Getting a colposcopy, an invasive exam following an abnormal pap or pelvic exam, is often an uncomfortable experience, but there may soon be an alternative device to replace the dreaded speculum.

It’s called “pocket colposcope.”

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The slender wand, developed by Duke University researchers, is a handheld device that resembles a tampon, except it’s equipped with lights and a camera.

If a Pap test or pelvic exam shows abnormalities, doctors will typically perform a colposcopy to screen for cervical cancer. The current method involves a metal device, called a speculum, that’s used to spread a woman’s vaginal walls apart. A colposcope, a magnifying camera device, is then used by a medical professional to take a close examination of the vulva, vagina, and cervix to examine for signs of disease. Colposcopes and professionals trained to use the device are often inaccessible in low-income communities around the world. But, the new pocket colposcope may be easier to access.

Researcher Nimmi Ramanujam and colleagues created a device that can connect to laptops and cellphones, and may one day be able to allow women to self-screen. The research team created a number of different designs for the device, and ended up testing two of them on a group of 15 volunteers.

"Nearly everyone said they preferred it to a traditional speculum and more than 80 percent of the women who tried the device were able to get a good image. Those that couldn't felt that they just needed some practice," Mercy Asiedu, a graduate student working on the project, said in a statement.

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The team is now conducting clinical trials across several hospitals in the United States to see how their design compares to the usual colonoscopy with a speculum.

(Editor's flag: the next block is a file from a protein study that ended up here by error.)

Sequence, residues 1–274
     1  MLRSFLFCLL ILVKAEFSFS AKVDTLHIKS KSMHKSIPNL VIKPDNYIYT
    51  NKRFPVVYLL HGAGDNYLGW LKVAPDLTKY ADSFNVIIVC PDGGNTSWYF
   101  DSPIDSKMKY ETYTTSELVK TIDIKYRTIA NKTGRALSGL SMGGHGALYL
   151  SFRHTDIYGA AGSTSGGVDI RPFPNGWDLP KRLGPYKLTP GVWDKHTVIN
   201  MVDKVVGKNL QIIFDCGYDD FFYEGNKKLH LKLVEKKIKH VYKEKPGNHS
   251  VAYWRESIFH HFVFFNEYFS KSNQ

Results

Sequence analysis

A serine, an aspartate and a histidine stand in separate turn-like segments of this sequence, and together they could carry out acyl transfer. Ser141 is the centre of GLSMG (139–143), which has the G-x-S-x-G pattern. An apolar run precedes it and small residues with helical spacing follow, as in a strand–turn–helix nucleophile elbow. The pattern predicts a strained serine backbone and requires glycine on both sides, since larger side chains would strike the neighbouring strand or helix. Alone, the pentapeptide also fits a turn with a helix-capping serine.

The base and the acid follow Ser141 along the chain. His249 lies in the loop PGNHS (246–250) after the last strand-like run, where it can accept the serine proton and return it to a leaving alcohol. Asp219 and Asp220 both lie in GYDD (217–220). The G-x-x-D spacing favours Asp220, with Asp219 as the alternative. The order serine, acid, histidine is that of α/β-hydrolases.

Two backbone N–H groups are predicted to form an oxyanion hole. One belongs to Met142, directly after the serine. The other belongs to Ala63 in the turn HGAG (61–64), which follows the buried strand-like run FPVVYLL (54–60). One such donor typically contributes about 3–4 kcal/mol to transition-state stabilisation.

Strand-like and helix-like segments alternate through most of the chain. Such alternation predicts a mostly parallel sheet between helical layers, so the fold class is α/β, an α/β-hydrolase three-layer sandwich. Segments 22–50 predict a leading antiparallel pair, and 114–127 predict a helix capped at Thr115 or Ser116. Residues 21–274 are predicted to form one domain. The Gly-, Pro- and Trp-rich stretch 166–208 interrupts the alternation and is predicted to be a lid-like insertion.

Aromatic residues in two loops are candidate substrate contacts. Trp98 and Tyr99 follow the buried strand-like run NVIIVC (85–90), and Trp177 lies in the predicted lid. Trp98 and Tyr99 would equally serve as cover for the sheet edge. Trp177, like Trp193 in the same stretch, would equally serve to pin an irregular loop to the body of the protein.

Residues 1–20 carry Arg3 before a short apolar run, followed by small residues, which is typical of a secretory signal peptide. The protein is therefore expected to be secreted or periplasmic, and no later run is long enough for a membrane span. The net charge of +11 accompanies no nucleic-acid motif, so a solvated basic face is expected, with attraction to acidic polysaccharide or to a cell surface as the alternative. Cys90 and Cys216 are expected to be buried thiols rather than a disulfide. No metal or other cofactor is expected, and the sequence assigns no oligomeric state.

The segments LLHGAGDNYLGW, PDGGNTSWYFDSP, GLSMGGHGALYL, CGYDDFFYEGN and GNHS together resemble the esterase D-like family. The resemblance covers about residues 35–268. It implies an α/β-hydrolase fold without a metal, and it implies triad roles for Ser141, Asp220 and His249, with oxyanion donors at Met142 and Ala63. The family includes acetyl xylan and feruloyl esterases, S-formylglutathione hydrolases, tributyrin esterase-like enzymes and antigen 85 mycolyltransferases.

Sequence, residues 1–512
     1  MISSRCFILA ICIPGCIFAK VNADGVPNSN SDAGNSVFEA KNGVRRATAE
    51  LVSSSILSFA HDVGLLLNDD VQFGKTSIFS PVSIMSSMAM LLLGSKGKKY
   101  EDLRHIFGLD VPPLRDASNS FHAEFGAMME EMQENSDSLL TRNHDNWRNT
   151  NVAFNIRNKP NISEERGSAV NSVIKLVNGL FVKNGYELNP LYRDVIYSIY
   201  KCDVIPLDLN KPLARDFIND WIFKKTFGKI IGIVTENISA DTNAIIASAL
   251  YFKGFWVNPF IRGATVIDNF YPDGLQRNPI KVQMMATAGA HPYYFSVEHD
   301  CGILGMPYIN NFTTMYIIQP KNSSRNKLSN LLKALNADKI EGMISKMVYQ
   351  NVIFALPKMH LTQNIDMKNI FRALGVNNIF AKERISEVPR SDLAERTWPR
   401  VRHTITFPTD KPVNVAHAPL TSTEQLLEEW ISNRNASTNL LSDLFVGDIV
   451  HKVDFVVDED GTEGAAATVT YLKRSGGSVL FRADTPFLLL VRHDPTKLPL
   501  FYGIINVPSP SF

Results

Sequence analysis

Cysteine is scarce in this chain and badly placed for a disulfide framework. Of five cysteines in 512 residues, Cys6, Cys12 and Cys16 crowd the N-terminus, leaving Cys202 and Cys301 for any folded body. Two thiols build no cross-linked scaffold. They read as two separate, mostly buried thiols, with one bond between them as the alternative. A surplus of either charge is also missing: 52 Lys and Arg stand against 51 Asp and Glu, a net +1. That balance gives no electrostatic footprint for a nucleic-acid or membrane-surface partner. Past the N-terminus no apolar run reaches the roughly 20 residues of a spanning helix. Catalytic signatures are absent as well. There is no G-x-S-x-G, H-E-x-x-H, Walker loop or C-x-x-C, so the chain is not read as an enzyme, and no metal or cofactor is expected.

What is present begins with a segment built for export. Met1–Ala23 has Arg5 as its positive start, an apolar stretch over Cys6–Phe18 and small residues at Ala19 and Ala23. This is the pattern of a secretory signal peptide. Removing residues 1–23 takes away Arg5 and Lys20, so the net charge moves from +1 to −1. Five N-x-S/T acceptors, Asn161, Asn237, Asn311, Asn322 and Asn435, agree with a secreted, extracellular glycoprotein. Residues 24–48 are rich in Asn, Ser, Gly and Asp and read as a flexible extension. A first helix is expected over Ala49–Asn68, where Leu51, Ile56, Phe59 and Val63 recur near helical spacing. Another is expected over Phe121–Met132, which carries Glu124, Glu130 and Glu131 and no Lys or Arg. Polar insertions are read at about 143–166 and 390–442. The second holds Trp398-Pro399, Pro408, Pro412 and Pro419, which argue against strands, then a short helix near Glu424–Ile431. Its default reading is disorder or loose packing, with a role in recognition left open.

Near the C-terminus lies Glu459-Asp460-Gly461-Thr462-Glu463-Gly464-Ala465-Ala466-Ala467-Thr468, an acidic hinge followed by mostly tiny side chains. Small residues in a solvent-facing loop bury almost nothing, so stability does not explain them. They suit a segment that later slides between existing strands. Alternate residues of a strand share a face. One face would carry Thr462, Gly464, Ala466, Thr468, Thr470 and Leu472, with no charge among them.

"There have been a few other attempts to come up with a better solution, but none of them have succeeded," Asiedu said. "One design using an inflatable cylinder proved just as uncomfortable as a traditional speculum. Another using directed airflow is just as bulky and expensive as a modern colposcope. With our handheld, low-cost design, we're hoping to redefine the entire procedure."

Their research is published in the journal PLOS One.

Cervical cancer is preventable if you get regular screening tests and follow-up exams. Women should begin getting Pap tests at age 21, according to the latest recommendation from the U.S. Preventive Services Task Force. The Pap test is a screening method that can show abnormalities, but it is not a diagnostic test. If cancer or pre-cancer is suspected, a doctor will then perform a colposcopy.

The cervical cancer death rate has declined by more than 50 percent over the last four decades, primarily due to an increased use of the Pap test. However, thousands of cases are still being diagnosed every year. In 2017, it’s expected that 12,820 new cases of invasive cervical cancer will be diagnosed and about 4,210 women will die from cervical cancer, according to the American Cancer Society.

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